The ears of the French Bulldog must be checked regularly and cleaned at least every two weeks. Commercially available ear cleaning agents (available in specialist shops or from veterinarians), which you use according to the instructions for use, work very well for cleaning. Superficial dirt or earwax is best removed with cotton swabs. Dip this in the solution or in baby oil. Be extremely gentle when cleaning your ears and only put the cotton swab in your ear as far as you can see in good light. Never go deeper into the ear, as the risk of injury is too great. Hearing damage can result. Please also make sure that no water gets into your bully’s ears. Water in the inner ear can lead to severe inflammation.
The anal glands are arranged in a ring around the anus and on both sides under the anus in the anal sacs. They serve to mark the territory by secreting secretions when defecation. These glands can become clogged with a build-up of secretions. In order to prevent inflammation and abscesses, the anal glands must be expressed in good time. In the early stages, a build-up of secretions manifests itself as itching in the anus area. The affected dog tries to get relief by licking and sliding around on its hindquarters.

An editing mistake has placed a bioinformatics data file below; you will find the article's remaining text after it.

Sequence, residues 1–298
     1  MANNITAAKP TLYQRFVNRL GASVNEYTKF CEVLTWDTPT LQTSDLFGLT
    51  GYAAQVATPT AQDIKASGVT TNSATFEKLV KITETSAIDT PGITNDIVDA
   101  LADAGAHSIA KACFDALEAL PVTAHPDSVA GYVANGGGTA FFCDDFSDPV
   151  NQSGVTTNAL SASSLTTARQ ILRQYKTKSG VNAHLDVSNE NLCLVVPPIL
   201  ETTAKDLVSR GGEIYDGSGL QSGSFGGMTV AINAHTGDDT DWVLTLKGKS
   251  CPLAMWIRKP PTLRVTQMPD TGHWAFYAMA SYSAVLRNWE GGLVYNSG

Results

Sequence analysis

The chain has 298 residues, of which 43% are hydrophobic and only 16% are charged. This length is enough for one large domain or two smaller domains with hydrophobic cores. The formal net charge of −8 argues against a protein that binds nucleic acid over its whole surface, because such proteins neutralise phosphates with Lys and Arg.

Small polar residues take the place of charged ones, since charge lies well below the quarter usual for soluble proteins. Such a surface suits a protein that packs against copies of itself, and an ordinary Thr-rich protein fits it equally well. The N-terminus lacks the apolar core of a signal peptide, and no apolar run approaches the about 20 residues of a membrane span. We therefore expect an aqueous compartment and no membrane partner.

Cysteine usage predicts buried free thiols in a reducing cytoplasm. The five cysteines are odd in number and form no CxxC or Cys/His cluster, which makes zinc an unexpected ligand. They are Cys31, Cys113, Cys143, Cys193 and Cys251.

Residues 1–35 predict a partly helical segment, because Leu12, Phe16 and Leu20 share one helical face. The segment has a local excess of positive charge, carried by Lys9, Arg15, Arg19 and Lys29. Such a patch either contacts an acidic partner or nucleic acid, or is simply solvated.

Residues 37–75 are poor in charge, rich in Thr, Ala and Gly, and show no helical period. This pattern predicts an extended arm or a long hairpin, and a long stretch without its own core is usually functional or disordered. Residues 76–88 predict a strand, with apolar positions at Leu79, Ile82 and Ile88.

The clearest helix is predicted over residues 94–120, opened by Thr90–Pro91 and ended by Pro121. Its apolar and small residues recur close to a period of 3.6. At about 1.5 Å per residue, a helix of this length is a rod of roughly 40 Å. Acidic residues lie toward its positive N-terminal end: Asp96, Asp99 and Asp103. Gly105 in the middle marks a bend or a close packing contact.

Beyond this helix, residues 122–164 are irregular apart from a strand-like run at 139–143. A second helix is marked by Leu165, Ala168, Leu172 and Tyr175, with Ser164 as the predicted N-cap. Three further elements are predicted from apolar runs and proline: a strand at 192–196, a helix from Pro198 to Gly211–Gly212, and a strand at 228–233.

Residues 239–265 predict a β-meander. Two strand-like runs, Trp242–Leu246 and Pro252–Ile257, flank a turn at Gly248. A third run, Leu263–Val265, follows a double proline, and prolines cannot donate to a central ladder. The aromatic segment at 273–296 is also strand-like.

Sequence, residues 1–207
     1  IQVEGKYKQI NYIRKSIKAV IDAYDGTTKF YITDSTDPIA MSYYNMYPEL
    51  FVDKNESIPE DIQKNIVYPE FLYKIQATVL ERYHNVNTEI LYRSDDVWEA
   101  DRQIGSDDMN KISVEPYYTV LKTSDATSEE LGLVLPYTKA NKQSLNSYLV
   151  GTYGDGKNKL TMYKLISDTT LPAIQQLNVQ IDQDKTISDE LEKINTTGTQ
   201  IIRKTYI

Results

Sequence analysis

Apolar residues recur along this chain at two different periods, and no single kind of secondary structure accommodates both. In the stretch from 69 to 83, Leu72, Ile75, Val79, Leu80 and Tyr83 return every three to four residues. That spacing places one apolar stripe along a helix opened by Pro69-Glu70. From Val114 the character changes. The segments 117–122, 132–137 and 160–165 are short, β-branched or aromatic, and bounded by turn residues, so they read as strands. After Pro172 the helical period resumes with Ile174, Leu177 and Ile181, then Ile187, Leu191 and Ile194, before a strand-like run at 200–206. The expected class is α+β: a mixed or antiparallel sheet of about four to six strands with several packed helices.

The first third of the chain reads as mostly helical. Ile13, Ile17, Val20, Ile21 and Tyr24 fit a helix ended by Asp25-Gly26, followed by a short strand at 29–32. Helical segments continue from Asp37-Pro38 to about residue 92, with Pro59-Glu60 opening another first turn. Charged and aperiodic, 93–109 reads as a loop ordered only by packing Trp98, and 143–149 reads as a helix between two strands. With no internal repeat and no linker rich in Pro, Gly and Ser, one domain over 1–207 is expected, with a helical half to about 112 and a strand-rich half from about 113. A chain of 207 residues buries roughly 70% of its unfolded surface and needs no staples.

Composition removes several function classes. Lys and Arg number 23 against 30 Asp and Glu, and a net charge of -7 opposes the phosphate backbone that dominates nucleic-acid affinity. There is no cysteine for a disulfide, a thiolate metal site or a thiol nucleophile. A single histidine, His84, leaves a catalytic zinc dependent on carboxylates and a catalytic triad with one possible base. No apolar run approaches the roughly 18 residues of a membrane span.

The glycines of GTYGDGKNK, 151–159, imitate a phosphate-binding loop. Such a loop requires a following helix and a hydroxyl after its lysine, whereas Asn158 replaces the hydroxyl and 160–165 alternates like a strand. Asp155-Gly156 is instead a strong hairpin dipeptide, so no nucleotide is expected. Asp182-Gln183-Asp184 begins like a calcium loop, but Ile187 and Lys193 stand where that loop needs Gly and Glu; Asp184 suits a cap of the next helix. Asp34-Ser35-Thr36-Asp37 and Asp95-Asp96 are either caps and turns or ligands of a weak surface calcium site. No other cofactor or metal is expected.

You can be sure whether your bully’s anal glands are blocked if you have him and his feces examined by a veterinarian. This will then also express the viscous and foul-smelling secretion.
The accumulation of secretion can be caused by chronic constipation and follow-up treatment is not excluded. Let your vet show you how to squeeze out the anal glands and save yourself the trip there in the future.